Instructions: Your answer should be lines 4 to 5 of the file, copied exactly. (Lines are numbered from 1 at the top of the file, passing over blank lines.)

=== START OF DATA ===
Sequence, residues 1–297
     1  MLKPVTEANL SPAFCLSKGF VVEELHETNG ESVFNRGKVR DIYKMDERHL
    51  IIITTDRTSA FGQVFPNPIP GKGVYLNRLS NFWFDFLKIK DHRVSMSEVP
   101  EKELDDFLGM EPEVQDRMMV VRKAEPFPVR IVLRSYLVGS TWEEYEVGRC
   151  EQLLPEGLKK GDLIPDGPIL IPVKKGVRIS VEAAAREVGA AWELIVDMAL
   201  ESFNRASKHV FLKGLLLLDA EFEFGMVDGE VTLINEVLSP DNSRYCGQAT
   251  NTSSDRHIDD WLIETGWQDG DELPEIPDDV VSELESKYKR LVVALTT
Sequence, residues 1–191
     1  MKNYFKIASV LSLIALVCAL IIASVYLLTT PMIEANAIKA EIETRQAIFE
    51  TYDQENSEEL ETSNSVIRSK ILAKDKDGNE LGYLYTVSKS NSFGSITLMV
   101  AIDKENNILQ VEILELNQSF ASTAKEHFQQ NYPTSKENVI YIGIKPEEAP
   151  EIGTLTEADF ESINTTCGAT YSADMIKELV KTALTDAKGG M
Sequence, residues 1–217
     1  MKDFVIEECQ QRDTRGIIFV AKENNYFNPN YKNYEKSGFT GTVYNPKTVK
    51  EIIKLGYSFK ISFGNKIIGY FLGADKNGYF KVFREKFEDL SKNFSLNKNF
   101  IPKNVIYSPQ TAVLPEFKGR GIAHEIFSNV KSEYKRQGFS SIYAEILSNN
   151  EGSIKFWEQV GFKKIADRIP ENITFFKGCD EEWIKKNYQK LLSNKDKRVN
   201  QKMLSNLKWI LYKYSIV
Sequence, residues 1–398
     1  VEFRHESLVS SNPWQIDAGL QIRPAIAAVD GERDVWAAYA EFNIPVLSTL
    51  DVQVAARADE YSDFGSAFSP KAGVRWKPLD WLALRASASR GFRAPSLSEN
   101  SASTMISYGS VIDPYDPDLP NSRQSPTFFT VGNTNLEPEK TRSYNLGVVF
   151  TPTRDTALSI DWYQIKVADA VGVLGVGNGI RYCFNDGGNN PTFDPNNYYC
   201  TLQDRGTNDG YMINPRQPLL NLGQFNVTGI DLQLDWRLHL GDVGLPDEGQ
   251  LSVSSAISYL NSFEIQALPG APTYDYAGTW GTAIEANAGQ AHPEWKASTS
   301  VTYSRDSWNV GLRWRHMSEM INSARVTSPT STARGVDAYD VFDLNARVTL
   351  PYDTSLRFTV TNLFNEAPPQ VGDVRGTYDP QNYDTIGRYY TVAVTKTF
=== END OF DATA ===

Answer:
   101  EKELDDFLGM EPEVQDRMMV VRKAEPFPVR IVLRSYLVGS TWEEYEVGRC
   151  EQLLPEGLKK GDLIPDGPIL IPVKKGVRIS VEAAAREVGA AWELIVDMAL